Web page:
Here's why I'm not going to cut my hair, wear more makeup, or change my wardrobe to look "older"
The other week, I wrote a story about how I look ridiculously young for my age. I’m 28 years old, and I’m frequently mistaken for an incoming college freshman. I actually look exactly the same as I did my freshman year of college, because unfortunately I have been blessed with that Paul Rudd anti-aging voodoo. You might think it sounds awesome. It is not awesome.
Since then, many have reached out (via that awesome other-other FB inbox!) with positive feedback stating that they too, look ridiculously young — so don’t worry, if you feel the same way, you’re not alone!
Also since then, many have reached out with feedback telling me that since I struggle with looking older, I should could cut my hair, wear more makeup, ditch my glasses, start shopping somewhere new for more “adult clothes,” and in short, basically give myself an entire makeover so I don’t look like this anymore.
Listen, that’s solid feedback… if this were some ’90s teen movie and I were holding my breath for Freddie Prinze Jr. to take me to the dance.
Here’s the thing: It’s taken me 28 years to finally be truly comfortable and happy in my own skin, so I’m not about to change just so I can achieve the goal of looking “older.” If I were to chop off my hair, cake on makeup every day, and start shopping for pant suits, I might look older, sure. But I wouldn’t necessarily feel older, let alone be myself anymore. I’d be someone else trying to pretend to be someone she’s not, and listen friends, I don’t have time for that.
Like others out there, I struggled with my identity growing up. Everyone does! I knew who I wanted to be, but getting there took some time and patience. I tried out many different personas but none of them ever felt true to me. Each time I ditched a part of my personality I didn’t like, I became more and more myself — I think that’s actually what it means to grow up.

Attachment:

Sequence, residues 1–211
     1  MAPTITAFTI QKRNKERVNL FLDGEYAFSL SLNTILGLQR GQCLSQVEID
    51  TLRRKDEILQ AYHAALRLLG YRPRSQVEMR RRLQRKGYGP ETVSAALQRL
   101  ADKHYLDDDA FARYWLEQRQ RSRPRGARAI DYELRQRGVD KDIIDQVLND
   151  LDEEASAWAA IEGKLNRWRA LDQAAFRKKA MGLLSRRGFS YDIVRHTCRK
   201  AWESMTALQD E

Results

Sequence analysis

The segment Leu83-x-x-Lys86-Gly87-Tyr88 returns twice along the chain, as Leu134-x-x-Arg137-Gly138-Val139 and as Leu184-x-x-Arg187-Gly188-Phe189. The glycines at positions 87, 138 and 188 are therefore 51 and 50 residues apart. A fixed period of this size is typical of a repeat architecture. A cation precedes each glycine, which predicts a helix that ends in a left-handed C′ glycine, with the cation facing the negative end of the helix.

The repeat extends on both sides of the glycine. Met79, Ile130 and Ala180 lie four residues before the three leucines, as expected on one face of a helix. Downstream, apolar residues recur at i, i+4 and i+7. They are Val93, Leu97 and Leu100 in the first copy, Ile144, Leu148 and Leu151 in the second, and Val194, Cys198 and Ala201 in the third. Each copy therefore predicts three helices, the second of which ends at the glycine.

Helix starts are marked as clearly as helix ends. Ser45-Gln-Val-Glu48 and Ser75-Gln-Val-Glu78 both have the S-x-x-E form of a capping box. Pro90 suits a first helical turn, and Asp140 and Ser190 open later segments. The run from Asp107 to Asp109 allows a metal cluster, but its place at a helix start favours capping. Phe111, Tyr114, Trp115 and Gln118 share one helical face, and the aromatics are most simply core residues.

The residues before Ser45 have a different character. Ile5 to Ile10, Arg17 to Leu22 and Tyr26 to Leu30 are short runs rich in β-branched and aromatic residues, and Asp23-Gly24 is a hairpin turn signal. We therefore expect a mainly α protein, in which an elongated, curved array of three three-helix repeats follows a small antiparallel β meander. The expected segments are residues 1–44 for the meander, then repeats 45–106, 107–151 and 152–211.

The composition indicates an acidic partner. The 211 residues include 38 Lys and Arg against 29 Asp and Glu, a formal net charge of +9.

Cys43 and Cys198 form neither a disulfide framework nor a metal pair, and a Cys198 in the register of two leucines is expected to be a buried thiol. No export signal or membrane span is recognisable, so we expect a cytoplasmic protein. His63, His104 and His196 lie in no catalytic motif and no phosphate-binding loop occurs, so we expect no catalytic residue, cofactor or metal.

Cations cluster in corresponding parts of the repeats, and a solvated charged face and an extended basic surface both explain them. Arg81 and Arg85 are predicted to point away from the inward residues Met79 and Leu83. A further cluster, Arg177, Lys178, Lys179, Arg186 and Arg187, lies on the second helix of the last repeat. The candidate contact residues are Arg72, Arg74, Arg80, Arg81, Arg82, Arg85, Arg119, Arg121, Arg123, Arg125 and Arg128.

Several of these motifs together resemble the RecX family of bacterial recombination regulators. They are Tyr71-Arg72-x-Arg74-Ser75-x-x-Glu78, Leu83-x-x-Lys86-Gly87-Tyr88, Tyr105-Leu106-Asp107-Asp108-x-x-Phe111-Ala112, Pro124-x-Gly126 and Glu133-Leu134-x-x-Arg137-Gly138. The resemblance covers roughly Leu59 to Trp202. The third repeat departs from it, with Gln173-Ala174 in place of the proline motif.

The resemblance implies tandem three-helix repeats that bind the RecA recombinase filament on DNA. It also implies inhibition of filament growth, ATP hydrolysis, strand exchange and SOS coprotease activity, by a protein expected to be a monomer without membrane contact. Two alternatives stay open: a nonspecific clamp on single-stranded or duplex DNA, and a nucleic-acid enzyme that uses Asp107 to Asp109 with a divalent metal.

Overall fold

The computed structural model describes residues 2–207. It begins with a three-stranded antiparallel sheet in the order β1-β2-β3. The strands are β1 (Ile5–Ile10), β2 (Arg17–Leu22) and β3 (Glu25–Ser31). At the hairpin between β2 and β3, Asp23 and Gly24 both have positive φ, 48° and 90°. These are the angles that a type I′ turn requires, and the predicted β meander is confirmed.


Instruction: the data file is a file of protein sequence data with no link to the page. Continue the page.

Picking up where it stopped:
I never truly felt like myself up until the last few years, maybe two years at most. And feeling like myself actually meant quitting a job that I didn’t like that required me to dress a certain way (super business casual, with horrid stockings every day, and I could only wear nude-colored nail polish). Deep down inside, I knew that wasn’t me. This job was forcing me to look one way and I had the worst internal struggle with it, since I was projecting an image of myself that was as far from the truth as it could be. Eventually I had to shed it, and leave it behind, and finally emerge as a beautiful butterfly from my cocoon, and you know, other metamorphosis.
The beginning and end of this discussion is that I’m someone who feels most comfortable, and most like myself, wearing a t-shirt, barely any makeup, and my hair behaving however it wants to for the day. That’s me. That’s who I’m comfortable being.
This comfortable me is the most confident me. Put me in a business suit and I will be like, “What are words, where am I, what is happening, how do I get out of here??” That is not confident. I believe that lack of confidence regresses me back in age more than anything else. So why do I need to change my appearance when I already feel like I can take on the day and conquer anything RIGHT NOW and I just happen to be wearing this really awesome Force Awakens t-shirt and converse sneakers?
And yeah, it still sucks looking so young. I’ve come to deal with that, because that’s my appearance. Unless I want to once again go through the long and ridiculous process of changing my entire look just to please others looking at me, this is who I am. I’m not going to cut my hair. Okay, actually I am going to cut my hair because it’s getting too long and it’s annoying, but I’m going to cut my hair for me, how I like it, now how society has deemed I should be wearing it as a 28-year-old woman.
Besides, how is a 28-year-old supposed to look, huh? There is no diagram or owners manual that dictates how I’m supposed to look at this age. There is no decree. I’m going to keep looking, and truly being, however I want to at this age, and while I might complain about my youthful glow, know that when I look in the mirror I think I look GREAT.
If you’re one of these people who looks so so young and happens to be reading these words right now thinking, “OMG YES, I GET THIS,” don’t listen to others when they tell you how to age yourself up. Dress and look and be however you want to be (unless the place you work at is like, “Please don’t”). Even though we’ve never met, I want you to keep on being YOU. However old you are, and however old you may look.